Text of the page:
Product class involvement was measured with four scales based on those of Laurent and Kapferer (1985). The scales were product class importance, importance of consequences of purchase, symbolic value and subjective probability of a bad purchase. Based on a pretest with the sample population, sweaters were used to elicit high involvement and coffee mugs to elicit low involvement. All subjects were more involved with sweaters than mugs on all aspects of involvement (t tests, df = 35, p < 0.001 for all tests).

Similarity among alternatives was measured by the number of attributes shared by alternatives. In the similar sets, any pair of alternatives varied on a maximum of three attributes and a minimum of one. In the dissimilar sets, any pair of alternatives varied on a maximum of seven attributes and a minimum of four. Each set contained 12 alternative . There were three similar sets and one dissimilar set for each product class. Subjects rated the dissimilar set less similar than each similar set for both sweaters and coffee mugs (t tests, df = 35, p < 0.001 for all tests). (Attribute values 'or all sets are available from the author).

Information structure was determined by how the products were arranged. For the hierarchical structure, products were arranged so that all those with the same level on one attribute, e.g., feature, were contiguous (see Figure). Within a group with the same level on this attribute, products were arranged left to right by level on a second attribute, e.g., color, and so on for a third attribute, e.g., handle. To generalize, each subject saw a different hierarchical structure. In the random structure, order was determined by random numbers. To generalize, six different random structures were used.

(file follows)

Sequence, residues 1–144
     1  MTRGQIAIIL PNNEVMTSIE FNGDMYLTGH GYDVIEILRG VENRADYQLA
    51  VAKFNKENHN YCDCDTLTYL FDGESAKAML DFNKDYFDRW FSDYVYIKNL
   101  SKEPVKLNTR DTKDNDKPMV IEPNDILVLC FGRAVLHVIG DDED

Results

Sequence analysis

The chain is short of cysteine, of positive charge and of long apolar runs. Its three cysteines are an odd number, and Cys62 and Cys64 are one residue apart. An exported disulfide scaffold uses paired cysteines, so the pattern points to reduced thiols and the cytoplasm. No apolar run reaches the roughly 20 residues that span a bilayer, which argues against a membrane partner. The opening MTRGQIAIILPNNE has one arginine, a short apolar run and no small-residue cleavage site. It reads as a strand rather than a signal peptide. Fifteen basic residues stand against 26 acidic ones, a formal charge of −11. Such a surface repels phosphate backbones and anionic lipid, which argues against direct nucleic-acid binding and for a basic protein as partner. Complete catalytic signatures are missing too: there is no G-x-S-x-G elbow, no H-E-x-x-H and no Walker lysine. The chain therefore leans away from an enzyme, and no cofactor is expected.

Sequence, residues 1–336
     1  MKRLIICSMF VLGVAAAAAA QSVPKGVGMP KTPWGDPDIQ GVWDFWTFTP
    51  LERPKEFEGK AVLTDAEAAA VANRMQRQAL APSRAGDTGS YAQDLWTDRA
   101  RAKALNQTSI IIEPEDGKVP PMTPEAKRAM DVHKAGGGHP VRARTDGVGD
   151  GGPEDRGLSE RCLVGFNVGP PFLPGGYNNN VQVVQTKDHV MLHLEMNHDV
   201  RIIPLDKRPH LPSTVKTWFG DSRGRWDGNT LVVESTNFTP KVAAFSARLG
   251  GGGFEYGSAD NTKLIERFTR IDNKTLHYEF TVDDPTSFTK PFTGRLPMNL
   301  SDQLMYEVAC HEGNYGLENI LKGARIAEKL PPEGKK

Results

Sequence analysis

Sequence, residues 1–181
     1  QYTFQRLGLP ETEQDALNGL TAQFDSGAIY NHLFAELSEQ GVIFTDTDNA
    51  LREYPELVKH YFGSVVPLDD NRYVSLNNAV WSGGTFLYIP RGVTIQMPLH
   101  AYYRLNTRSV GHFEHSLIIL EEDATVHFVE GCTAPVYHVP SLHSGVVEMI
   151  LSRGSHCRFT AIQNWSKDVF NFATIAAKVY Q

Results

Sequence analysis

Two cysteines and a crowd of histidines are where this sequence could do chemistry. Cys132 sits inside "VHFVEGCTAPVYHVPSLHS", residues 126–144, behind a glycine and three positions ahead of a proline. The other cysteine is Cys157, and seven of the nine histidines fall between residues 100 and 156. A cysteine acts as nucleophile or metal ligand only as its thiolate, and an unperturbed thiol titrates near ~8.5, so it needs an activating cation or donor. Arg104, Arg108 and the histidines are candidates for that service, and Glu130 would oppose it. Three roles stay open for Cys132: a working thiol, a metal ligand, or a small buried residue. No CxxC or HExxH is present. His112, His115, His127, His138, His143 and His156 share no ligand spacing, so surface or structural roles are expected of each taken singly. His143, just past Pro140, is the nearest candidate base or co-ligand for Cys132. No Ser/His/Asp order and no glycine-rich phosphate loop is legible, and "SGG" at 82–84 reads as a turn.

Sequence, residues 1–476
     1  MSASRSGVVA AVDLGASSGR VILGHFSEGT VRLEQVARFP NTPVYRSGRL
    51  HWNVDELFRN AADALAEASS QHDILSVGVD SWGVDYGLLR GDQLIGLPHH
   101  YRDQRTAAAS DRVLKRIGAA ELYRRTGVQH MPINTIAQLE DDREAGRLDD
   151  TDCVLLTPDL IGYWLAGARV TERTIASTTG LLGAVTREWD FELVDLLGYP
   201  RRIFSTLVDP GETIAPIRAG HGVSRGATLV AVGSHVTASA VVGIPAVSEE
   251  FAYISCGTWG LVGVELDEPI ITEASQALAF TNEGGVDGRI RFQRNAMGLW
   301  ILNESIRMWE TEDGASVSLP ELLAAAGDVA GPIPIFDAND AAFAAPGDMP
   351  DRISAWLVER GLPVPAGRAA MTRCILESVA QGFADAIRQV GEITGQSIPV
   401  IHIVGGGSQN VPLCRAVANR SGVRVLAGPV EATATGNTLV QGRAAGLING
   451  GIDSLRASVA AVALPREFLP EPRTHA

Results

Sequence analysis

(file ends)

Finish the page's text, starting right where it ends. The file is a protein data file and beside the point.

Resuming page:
Six choice sets were tested: random dissimilar, random similar and hierarchical similar for both low product class involvement and high product class involvement.

Subjects

The subjects were a convenience sample of 36 female consumers from metropolitan New York City. All subjects were the same sex because clothing was one of the products used. Ages ranged from 18-70; mean age was 34. Household income ranged from $7500-$14000 to over $100,000; median level was $25,000-$39,000. Level of education ranged from some high school to doctorate degree; the median was some graduate study. As an incentive, subjects received $25.

Procedure

Three to four weeks before the experiment. each subject answered questions on involvement with five product classes, to conceal the experimental ones. Each subject was run individually. The design was completely within-subject; each subject chose from all six choice sets but saw a different set of alternatives for each one. For each choice, she selected a product for herself, but did not keep her selection and provided a concurrent verbal protocol. After every choice, she gave two self reports: one on her choice strategy's costs and one on its benefit.

Dependent Measures

The dependent variables were the benefit of choosing the best and choice strategy costs. There were two measures for each. To measure the decision-maker's awareness, self reports were used. Each self report was a multiple-item scale, developed specifically for this study. To measure actual benefit and costs, a more objective measure was also used for each.

Choosing the best. The self report on choosing the best contained questions that reflected the consumer's use of a choice criterion of choose the best alternative (see the Appendix, panel A).

Choosing the best requires considering all "subjectively nontrivial dimensions" (Wright 1975, p. 61). Thus the objective measure of choosing the best was the number of important attributes examined. They were operationalized as attributes that could affect choice (Myers and Alpert 1977). Before the experiment, each subject listed attributes that were important when choosing sweaters (or mugs) and rated whether each attribute was different across different sweaters (or mugs). Attributes rated as having a big difference were labeled important. For each choice, the measure equalled the number of attributes labeled important and mentioned in that choice's protocol.